Search Results: Hitler

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  • ARTS AND CULTURE

    Massaging Himmler

    • Anne M. Carson
    • 03 August 2010

    Two poems from a series about Heinrich Himmler's personal masseur, Felix Kersten. He used his influence over Himmler to secure the release of many prisoners — much like Oscar Schindler.

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  • AUSTRALIA

    A Shakespearean view of Australian politics

    • Adrian Phoon
    • 26 July 2010
    2 Comments

    Malcolm Turnbull recently compared Kevin Rudd to the Shakespearean character Coriolanus, a reviled control freak. Politicians sometimes invoke Shakespeare to flatter their own cause. But this is fraught with dangers: they can come off sounding pompous, or their analogies may backfire.

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  • ARTS AND CULTURE

    The wild mind of Peter Steele

    • Morag Fraser
    • 28 May 2010
    8 Comments

    When I met Peter Steele I noticed a spark, a shimmer of wit that almost subverted his serious courtesy. There was a wild mind at work and play, and I would have to run prodigiously fast even to catch at its stirrups. So it has proved: it's been a long, vigorous, and exultantly grateful following.

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  • MEDIA

    The dignity of Carl Williams

    • Andrew Hamilton
    • 21 April 2010
    43 Comments

    When celebrities who have treated people violently suffer themselves from violence, their suffering is approved because it is an expected part of the plot. The death of Carl Williams has been covered as if it were an episode of Underbelly. Williams deserves better than this.

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  • ARTS AND CULTURE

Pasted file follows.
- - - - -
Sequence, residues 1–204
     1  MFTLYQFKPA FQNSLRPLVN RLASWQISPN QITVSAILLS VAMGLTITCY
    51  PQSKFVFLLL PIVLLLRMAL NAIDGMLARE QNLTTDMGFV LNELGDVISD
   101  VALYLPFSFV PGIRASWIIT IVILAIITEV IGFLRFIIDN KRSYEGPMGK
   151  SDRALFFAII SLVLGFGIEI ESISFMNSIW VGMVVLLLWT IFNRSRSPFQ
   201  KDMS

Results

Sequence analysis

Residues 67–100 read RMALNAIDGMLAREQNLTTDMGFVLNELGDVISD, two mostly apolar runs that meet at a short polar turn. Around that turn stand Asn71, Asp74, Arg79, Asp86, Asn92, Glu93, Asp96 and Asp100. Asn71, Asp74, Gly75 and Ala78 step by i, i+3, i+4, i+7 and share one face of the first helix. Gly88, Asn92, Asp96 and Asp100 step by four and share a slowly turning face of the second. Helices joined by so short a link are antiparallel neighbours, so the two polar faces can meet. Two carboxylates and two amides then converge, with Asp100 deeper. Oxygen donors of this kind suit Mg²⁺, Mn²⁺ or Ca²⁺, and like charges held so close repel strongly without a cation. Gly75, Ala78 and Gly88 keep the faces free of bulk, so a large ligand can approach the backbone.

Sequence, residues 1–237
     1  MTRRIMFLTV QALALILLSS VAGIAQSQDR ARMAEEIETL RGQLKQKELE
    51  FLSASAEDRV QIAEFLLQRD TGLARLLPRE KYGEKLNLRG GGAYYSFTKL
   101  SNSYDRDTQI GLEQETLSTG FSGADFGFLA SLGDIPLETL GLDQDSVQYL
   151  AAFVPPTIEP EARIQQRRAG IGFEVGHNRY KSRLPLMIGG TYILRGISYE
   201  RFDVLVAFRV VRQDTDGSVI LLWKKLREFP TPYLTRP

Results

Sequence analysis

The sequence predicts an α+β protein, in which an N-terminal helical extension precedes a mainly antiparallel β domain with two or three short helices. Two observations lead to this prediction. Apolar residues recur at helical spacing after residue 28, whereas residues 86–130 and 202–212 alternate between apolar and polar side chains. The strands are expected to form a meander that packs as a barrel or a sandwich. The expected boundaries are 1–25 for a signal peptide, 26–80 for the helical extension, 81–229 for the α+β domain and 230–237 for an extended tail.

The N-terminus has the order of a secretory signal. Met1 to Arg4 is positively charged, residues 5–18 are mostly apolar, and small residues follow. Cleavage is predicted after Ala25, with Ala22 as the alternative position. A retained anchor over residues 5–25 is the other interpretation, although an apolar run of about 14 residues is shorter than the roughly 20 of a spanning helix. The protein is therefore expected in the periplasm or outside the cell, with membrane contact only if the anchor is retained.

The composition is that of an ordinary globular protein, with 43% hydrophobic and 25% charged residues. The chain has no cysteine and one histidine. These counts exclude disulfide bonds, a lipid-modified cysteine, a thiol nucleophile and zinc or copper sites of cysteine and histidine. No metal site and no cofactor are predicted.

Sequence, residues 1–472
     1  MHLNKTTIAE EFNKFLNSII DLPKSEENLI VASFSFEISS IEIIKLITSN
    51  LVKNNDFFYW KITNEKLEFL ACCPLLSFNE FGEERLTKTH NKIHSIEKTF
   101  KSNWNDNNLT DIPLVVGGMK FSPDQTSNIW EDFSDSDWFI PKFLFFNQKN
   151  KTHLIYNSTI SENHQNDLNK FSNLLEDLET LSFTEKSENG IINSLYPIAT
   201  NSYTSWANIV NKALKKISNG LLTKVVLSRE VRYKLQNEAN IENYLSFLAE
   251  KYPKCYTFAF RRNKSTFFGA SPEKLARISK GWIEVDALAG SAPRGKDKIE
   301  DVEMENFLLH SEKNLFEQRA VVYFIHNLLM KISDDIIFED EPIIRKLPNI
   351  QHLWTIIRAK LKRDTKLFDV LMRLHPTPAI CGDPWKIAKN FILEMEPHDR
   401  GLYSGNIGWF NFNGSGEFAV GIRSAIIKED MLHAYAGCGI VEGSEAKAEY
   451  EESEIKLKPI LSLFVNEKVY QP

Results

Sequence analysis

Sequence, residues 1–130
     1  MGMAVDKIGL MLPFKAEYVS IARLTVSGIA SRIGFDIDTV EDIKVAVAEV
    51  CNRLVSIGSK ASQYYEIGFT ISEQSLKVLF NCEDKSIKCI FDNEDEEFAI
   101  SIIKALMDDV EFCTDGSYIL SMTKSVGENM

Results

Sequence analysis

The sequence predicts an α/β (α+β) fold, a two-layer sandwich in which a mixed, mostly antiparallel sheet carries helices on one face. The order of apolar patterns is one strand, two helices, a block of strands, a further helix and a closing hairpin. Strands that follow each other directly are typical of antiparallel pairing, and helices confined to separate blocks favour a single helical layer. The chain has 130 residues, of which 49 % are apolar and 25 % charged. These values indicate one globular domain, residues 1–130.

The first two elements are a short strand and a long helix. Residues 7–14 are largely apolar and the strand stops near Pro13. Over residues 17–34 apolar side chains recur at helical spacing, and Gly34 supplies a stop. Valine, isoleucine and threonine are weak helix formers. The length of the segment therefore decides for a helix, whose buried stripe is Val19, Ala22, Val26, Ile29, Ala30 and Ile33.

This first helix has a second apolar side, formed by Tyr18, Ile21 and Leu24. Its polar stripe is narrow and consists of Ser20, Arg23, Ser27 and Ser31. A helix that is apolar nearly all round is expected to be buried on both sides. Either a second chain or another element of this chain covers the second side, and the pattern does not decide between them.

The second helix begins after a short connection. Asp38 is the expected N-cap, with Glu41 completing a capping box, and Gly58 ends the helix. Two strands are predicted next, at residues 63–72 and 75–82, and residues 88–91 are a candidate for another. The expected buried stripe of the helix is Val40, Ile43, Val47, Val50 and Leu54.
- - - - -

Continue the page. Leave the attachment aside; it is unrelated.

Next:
Debunking the myth of Jewish communism

    • Philip Mendes
    • 05 February 2010
    2 Comments

    The myth of an international Jewish communist conspiracy has long been a central diet of anti-Semitic agendas. Dutch academic Andre Gerrits provides a dispassionate an balanced account of this contentious topic.

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  • ARTS AND CULTURE

    Harry Potter and other killer serials

    • Brian Doyle
    • 21 October 2009
    6 Comments

    From Pullman's His Dark Materials and Tolkien's The Lord of the Rings to Lewis' Narnia novels or the tale of Mr H. Potter, the series is often where young readers enter the seething and delightful universe of books, in a way that sets them up for life as readers.

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  • RELIGION

    Bonhoeffer's ethics not for show

    • Andrew Hamilton
    • 06 August 2009
    7 Comments

    Two years ago, Kevin Rudd wrote about German wartime theologian and martyr Dietrich Bonhoeffer. Bonhoeffer stressed character. His ethics were not expressed in rhetoric about hard times and hard decisions, but in acting responsibly without regard to popularity.

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  • ARTS AND CULTURE

    Treeless Eden, oasis of wealth

    • Peter Matheson
    • 07 July 2009

    I spot the odd ornamental shrub .. And even the occasional bird .. Though only sparrows, it seems .. Beloved of the Lord .. Survive this sterile affluence.

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  • AUSTRALIA

    Bikers, violence and justice

    • John Smith
    • 14 May 2009
    2 Comments

    Going to jail for the right reasons is noble. In effect Jesus called for a kind of civil disobedience. He went to jail for justice. Today, I would be prepared to be jailed for resisting consorting laws. Exclusive preview: The John Smith Quarterly Essay

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  • RELIGION

    Kevin Rudd and the problem of evil

    • Andrew Hamilton
    • 23 April 2009
    25 Comments

    With uncharacteristic vehemence, Mr Rudd said people smugglers could rot in hell. This kind of language echoes the tabloid characterisation of people who have done foul deeds as monsters. The Christian view of evil is more complex.

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  • AUSTRALIA

    Gallipoli Diggers and the 'forgotten' holocaust

    • Nick Toscano
    • 20 April 2009
    43 Comments

    Although it was a military disaster, the battle of Gallipoli was a defining moment in Australia's history. But that same battle also marked a nation's destruction: a campaign was underway to exterminate the Armenian race.

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  • ARTS AND CULTURE

    The dead walk among the living

    • Barry Gittins
    • 20 November 2008

    There are no soothing words to truly quieten deep pain, but Fugitive Pieces shows redemption is a possibility, even in the face of undying memories.

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